I had two main questions going into the user testing: could a user discover all the functionality of Pelagios, and could they make sense of what they were shown? In short, the answer to the first question is 'no', and the answer to the second is 'yes'.
I'm a big fan of testing the usability of a site with real users. Test participants not only give you incredibly useful insights into your site or application, but they help you clarify your own thoughts about the design. It was exciting to see test participants realise the potential of the site - particularly the map and data views, which is a cue to make them more prominent when the site first loads - but it was clear that the graph interface needs improvements to make the full range of actions available for selecting, linking and exploring datasets more visible to the user. The test participants also used search heavily when looking for particular resources, so this would be a key area for future work.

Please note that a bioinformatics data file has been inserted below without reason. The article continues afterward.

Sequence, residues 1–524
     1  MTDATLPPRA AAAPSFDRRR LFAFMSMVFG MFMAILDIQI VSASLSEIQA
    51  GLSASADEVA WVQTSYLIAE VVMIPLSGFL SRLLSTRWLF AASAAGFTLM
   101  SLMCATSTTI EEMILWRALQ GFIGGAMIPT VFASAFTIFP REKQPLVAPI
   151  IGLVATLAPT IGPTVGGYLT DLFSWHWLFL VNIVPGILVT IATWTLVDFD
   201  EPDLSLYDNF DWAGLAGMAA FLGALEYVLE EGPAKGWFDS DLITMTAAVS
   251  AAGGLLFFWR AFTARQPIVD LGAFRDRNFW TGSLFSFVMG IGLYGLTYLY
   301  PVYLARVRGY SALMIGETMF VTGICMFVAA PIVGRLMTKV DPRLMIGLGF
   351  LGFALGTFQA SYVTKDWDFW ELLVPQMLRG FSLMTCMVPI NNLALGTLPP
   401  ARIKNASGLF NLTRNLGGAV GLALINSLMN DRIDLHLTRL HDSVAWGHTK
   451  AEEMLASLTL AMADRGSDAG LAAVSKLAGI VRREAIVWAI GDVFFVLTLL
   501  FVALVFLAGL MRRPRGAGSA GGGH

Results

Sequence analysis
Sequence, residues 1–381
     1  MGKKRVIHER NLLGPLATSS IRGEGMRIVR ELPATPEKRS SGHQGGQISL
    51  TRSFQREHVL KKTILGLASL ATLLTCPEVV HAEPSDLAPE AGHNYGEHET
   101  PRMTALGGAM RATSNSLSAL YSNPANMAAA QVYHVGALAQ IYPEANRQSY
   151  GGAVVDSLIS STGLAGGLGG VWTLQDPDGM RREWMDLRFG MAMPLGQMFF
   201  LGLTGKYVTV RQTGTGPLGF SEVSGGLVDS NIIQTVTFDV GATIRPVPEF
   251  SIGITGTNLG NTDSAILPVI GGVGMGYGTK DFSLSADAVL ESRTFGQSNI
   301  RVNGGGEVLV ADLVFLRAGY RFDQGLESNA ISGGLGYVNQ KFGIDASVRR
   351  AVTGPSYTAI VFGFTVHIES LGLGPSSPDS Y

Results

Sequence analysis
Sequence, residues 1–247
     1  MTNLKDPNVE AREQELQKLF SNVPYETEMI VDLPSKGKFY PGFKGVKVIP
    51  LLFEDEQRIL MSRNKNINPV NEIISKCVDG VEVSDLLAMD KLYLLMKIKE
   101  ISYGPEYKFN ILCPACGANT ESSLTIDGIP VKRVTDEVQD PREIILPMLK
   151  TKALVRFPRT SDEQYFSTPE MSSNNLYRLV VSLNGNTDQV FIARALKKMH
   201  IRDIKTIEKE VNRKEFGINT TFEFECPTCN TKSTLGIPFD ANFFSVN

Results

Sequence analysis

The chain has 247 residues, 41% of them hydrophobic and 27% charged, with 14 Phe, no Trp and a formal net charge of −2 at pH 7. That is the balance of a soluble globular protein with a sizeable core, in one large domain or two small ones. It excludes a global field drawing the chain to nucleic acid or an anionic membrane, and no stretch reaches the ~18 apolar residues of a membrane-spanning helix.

If you've been working on a project, user testing is wonderful and painful in equal measures. It's definitely easier to test someone else's project, not least because it's easier to prioritise tasks from the users' point of view when you don't have to deal with the details of implementing the changes.
The overall goal of the usability testing was to produce a prioritised list of design and development tasks to improve the usability of the Pelagios visualisation for a defined target audience (non/semi-specialist adults with an interest in the ancient world), and this user testing was really successful in giving the team a clear list of future tasks.